Does the furnace have a FAN/BLOWER in it? That is probably the difference between the two readings. What the .98 draw is is beyond my pay grade.

Yep. What I'm wondering though is how many amps I'd use in a 10 hr period if running constantly if something is drawing 1.42 amps. MY thinking is it would take 14.2 amps in that 10 hr period, but I'm not sure if that's correct.


  • 0

#4 Vic Harder

Vic Harder

    Get's a "charge" out of camping!

  • Members
  • 2,070 posts
  • LocationCalgary, Alberta

Posted 09 February 2017 - 10:03 PM

Hi all. I've been busy doing this and that to the camper (that will be another post), but I have a question about amps...

 

I ran an extension cord from my generator, plugged in a Kill-A-Watt meter, then ran another cord to my camper 110VAC input. It was 10F and I basically wanted to see how well the generator and hydraulics would work in the cold. For those wondering, the generator did great. The hydraulics were very slow.

 

Curiously, there was a .96 to .98 amp draw. I'm not concerned with that, but am curious why. Inverter maybe? Or even the WattsUP meter even? Anyway, when I turned on the furnace I read 1.45 to 1.64 amps at start up, and then it settled down to 1.40 to 1.42 amps.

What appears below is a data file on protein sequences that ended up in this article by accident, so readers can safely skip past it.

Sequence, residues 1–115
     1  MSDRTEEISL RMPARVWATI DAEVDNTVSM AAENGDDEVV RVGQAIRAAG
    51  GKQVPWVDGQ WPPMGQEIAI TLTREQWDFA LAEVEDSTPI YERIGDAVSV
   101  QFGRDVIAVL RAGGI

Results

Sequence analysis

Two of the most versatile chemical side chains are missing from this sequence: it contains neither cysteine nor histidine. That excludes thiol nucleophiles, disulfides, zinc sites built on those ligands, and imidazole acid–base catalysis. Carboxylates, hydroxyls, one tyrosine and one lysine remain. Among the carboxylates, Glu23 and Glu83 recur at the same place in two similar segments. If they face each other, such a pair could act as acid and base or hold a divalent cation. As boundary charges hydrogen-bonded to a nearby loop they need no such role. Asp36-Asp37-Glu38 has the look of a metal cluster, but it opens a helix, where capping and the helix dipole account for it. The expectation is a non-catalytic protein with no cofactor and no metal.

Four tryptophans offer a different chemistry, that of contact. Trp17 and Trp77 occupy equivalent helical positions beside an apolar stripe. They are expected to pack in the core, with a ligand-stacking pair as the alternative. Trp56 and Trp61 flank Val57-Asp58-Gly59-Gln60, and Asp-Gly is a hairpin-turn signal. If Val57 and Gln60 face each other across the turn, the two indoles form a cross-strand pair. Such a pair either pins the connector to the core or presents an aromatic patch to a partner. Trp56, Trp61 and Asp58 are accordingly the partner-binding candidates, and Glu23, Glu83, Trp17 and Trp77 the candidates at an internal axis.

So my question, which may be a silly one, is, would the 1.42 amp draw be per hour, and therefore would that draw be 14.2 amps drawn from a battery bank in a 10 hour period if the furnace is going non-stop? That doesn't seem right to me, but would be great if it's the case ^_^ .

 

And if that is indeed the case, I don't think I'd have a problem running the furnace non-stop for 10 hours using my two Trojan J-186AC batteries, although I don't quite understand what the amp hour rating is of those. The amp specs on the Trojan web page are confusing to me  :blink: .

Your Kill-a-watt meter is measuring the AC current.  Power used is 1.4 amps x 120v = 168 watts.  To get those watts back out of your battery you need to divide by the 12v the battery is putting out = 168/12 = 14 amps.  10 hour draw would be 140AH.  If you want to avoid killing your batteries, you should have 2x that capacity available to keep them charged at 50% or above, = 280 AH.  If you factor in that the batteries might be cold (or do they get warmed by the furnace?) then your AH available is actually much less.